Investment fund fraud: SEC v. Sucarato, Civil Action No. 09-CV-4953 (D.N.J.) is an action against Robert Sucarato who was associated with New York Financial Company, an unregistered investment adviser. The Commission claims that Mr. Sucarato raised at least $1,728,954 from several investors by selling interests in two hedge funds he and his company purported to manage. Those interests were sold based on misrepresentations. The investor funds were then either diverted to the personal use of Mr. Sucarato or lost in commodity trading. Mr. Sucarato settled by consenting to the entry of a permanent injunction prohibiting future violations of Securities Act Sections 5and 17(a), Exchange Act Sections 10(b) and Investment Advisers Act Sections 206(1) and 206(2). He also agreed to pay disgorgement of $1,346,135 along with prejudgment interest. That amount will be offset on a dollar for dollar basis by any payments made by him in a related actions brought by the CFTC. Mr. Sucarato also consented to the issuance of an Order in a related administrative proceeding to the issuance of an order which bars him from association with any investment adviser. See also Litig. Rel. 21734 (Nov. 10, 2010).
Rating agencies:In the Matter of Damyon Mouzon, Adm. Proc. File No. 3-14029 (Filed Sept. 2, 2010) is an action against the former President of LACE Financial Corporation, a Nationally Recognized Statistical Rating Organization. The Order, discussed here, alleges that the firm made a material misrepresentation in its application to be an NRSRO and for an exemption from a conflict of interest rule. It also alleges that the firm failed to disclose, and have adequate written policies regarding, certain extra procedures it used for the firm’s primary client. The firm also failed to retain its e-mail as required. Mr. Mouzon is alleged to have been the cause of the violations. Respondent Mouzon consented to the entry of a cease and desist order from committing or causing any violations and any future violations of Exchange Act Sections 15E(a)(1) and 17(a). The firm settled similar charges on filing (also discussed here).
Insider trading: SEC v. Galleon Management, LP, Civil Action No. 09-CV-8811 (S.D.N.Y.) is the Commission’s action based on the Galleon insider trading case. Specifically, the complaint alleges that Galleon founder Raj Rajaratnam and other engaged in a pattern of insider trading over a period of years (here). This week, the Commission settled with defendants Roomy Khan and Rajiv Goel. Ms. Khan is an individual investor who had been employed at Intel in the late 1990s. She later worked for Galleon. Mr. Goel is a friend of defendant Rajaratnam who was a managing director within the treasury group of Intel. He was also the Director of Strategic Investments at Intl Capital, an Intel subsidiary that makes proprietary equity investments in technology companies. Mr. Goel and Ms. Kahn are alleged to have furnished inside information to Mr. Rajaratnam. Both defendants settled with the Commission by consenting to the entry of permanent injunctions prohibiting future violations of Securities Act Section 17(a) and Exchange Act Section 10(b). Ms. Kahn also agreed to pay disgorgement of $1,552,566.94 along with prejudgment interest. Mr. Goel will pay disgorgement in the amount of $230,570.52 along with prejudgment interest. Mr. Goel is also barred from serving as an officer or director of an issuer. The court will consider the question of a penalty at a later date for each defendant. Both defendants are cooperating with the SEC. See also Litig. Rel. 21732 (Nov. 8, 2010).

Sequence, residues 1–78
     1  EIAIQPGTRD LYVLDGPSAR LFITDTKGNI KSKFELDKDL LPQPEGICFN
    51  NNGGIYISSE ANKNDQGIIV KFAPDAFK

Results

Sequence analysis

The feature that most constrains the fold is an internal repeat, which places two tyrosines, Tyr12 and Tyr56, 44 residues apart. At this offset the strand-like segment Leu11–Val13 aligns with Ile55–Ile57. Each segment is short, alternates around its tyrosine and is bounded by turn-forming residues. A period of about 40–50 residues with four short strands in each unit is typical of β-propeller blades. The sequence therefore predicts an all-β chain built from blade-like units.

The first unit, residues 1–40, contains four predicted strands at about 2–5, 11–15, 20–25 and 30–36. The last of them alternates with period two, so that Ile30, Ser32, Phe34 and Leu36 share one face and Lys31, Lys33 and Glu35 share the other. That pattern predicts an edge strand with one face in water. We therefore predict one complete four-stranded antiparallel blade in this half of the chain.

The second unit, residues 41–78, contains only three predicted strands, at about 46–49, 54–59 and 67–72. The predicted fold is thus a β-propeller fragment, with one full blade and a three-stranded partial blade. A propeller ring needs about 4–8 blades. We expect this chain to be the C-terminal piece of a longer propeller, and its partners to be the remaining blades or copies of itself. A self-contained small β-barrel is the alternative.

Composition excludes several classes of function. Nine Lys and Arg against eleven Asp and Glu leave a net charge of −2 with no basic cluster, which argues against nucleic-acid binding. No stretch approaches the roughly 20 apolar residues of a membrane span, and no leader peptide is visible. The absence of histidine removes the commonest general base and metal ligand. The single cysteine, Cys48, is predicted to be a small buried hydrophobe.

Option backdating: U.S. v. Karatz, No. 2:09-cr-00203 (C.D. Cal.) is the criminal option backdating case against Bruce Karatz, former CEO of KB Home. Mr. Karatz was acquitted on sixteen counts centered on option backdating claims. He was however convicted on two counts of mail fraud and two counts of making a false statement. Mr. Karatz was sentenced this week. The court ordered Mr. Karatz to serve five years probation, the first eight months of which requires he be confined to his home. In addition, he was directed to pay a $1 million fine and perform 2,000 hours of community service. The government had sought a sentence of six years in prison and a $7.5 million fine in addition to the disgorgement Mr. Karatz paid to settle the SEC case. The sentence followed the recommendation of the probation department.
Insider trading: U.S. v. Hariri, 09 Mag. 2436 (S.D.N.Y. Filed Nov. 4, 2009) is an action arising out of the Galleon insider trading case (here). Defendant Ali Hariri was a vice president at Atheros Communications. He is alleged to have furnished inside information to Ali Far, a hedge fund manager, who traded. In return for the information Mr. Far furnished defendant Hariri with inside information on other technology companies. Mr. Hariri previously pleaded to conspiracy and securities fraud. This week he was sentenced to 18 months in prison followed by two years of supervised release. He must also pay a $50,000 fine.
FINRA imposed a $650,000 fine on Goldman Sachs for failing to update filings for two of its registered representatives to reflect the fact that they were issued Wells Notices by the SEC and for not having adequate procedures (discussed here). The regulator found that Goldman failed to disclose that two of its registered representatives, one of whom is Fabrice Tourre, had received Wells notices from the SEC. Mr. Tourre’s notice was based on the ABACUS transaction at the center of the SEC’s enforcement action in which he is a defendant. Firms are required to update a representative’s regulatory record by filing a Form U4 reporting the receipt of a Wells Notice within 30 days. FINRA also concluded that Goldman does not have adequate supervisory procedures and systems in place to ensure proper disclosure. Its written supervisory procedures, manuals and policies fail to mention “Wells Notices.”